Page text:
Peter Paul Rubens
Flemish Baroque Era Painter, 1577-1640
Peter Paul Rubens (June 28, 1577 ?C May 30, 1640) was a prolific seventeenth-century Flemish Baroque painter, and a proponent of an exuberant Baroque style that emphasized movement, color, and sensuality. He is well-known for his Counter-Reformation altarpieces, portraits, landscapes, and history paintings of mythological and allegorical subjects.
In addition to running a large studio in Antwerp which produced paintings popular with nobility and art collectors throughout Europe, Rubens was a classically-educated humanist scholar, art collector, and diplomat who was knighted by both Philip IV, king of Spain, and Charles I, king of England.
Rubens was a prolific artist. His commissioned works were mostly religious subjects, "history" paintings, which included mythological subjects, and hunt scenes. He painted portraits, especially of friends, and self-portraits, and in later life painted several landscapes. Rubens designed tapestries and prints, as well as his own house. He also oversaw the ephemeral decorations of the Joyous Entry into Antwerp by the Cardinal-Infante Ferdinand in 1635.
His drawings are mostly extremely forceful but not detailed; he also made great use of oil sketches as preparatory studies. He was one of the last major artists to make consistent use of wooden panels as a support medium, even for very large works, but he used canvas as well, especially when the work needed to be sent a long distance. For altarpieces he sometimes painted on slate to reduce reflection problems.
His fondness of painting full-figured women gave rise to the terms 'Rubensian' or 'Rubenesque' for plus-sized women. The term 'Rubensiaans' is also commonly used in Dutch to denote such women. Related Paintings of Peter Paul Rubens :. | The Rape of the Daughters of Leucippus | The Hermit and the Sleeping Angelica | The Rape of Ganymede | Reuige Magdalena und ihre Schwester Martha | Persimmon (mk01) |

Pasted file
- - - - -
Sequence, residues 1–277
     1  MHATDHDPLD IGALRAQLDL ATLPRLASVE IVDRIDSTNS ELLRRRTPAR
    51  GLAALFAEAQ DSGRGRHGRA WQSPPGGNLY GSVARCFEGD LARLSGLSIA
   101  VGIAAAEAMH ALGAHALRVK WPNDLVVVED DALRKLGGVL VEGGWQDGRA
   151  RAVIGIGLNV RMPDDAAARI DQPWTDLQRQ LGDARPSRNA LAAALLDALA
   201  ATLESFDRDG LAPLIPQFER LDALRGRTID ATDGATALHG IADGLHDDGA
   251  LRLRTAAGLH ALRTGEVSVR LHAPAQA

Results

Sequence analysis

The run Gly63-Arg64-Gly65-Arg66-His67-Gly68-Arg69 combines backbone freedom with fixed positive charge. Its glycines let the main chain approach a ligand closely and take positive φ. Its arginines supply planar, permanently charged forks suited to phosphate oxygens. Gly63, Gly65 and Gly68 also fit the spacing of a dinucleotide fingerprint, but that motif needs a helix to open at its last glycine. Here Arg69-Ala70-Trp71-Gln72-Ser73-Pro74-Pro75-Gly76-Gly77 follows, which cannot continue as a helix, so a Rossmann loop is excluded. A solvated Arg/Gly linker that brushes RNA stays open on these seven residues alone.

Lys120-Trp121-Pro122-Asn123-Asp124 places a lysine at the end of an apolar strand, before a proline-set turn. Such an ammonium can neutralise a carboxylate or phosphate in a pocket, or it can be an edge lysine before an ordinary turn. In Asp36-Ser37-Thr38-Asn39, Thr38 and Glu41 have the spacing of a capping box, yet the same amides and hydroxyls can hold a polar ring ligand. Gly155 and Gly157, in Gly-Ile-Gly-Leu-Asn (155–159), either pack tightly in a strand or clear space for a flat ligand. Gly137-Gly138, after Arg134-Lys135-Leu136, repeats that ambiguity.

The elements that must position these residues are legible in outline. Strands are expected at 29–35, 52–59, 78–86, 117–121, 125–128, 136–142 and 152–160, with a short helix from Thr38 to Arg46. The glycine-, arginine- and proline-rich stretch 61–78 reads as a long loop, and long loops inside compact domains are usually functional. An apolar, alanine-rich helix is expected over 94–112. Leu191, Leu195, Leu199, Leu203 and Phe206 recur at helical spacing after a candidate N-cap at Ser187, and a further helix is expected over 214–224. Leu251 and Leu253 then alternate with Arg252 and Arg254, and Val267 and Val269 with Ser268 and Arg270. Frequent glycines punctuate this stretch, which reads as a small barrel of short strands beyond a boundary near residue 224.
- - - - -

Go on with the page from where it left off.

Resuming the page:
Related Artists:e. j. f. bendemann
Eduard Julius Friedrich Bendemann (3 December 1811, Berlin - 27 December 1889, Dusseldorf) was a German painter.
Bendemann was born in Berlin. His father, Anton Heinrich Bendemann, a Jewish banker, monitored his education closely; it was one that would have naturally led him to some sort of technical occupation, but his talent and propensity towards art resulted in his being allowed to pursue other interests. His mother Fanny Eleonore Bendemann nee von Halle, also a daughter of the Jewish banker Joel Samuel von Halle.
After he completed elementary school he enrolled in the Wilhelm von Schadow's School in Dusseldorf. In 1830 he went on a school trip to Italy. After a series of jobs, among them with Boas and Ruth, his talent as an artist began to show, especially with his very large 1832 painting titled, The Sad Jews of Babylon which was featured in the Berlin art exhibition. The picture garnered a great deal of attention, which was in part due to the deep and simple feeling and the noble composition of the piece (museum in Cologne). Bendemanns second picture: The Two Girls at the Well (1832), was acquired by the North Rhine-Westphalia art association.
Soon thereafter followed Jeremias on the Ruins of Jerusalem for which the artist received a medal in Paris in 1837. This painting was for the most part about the progress of the Jews in Babylon. (Royal Palace in Hanover). His best known work is The Harvest.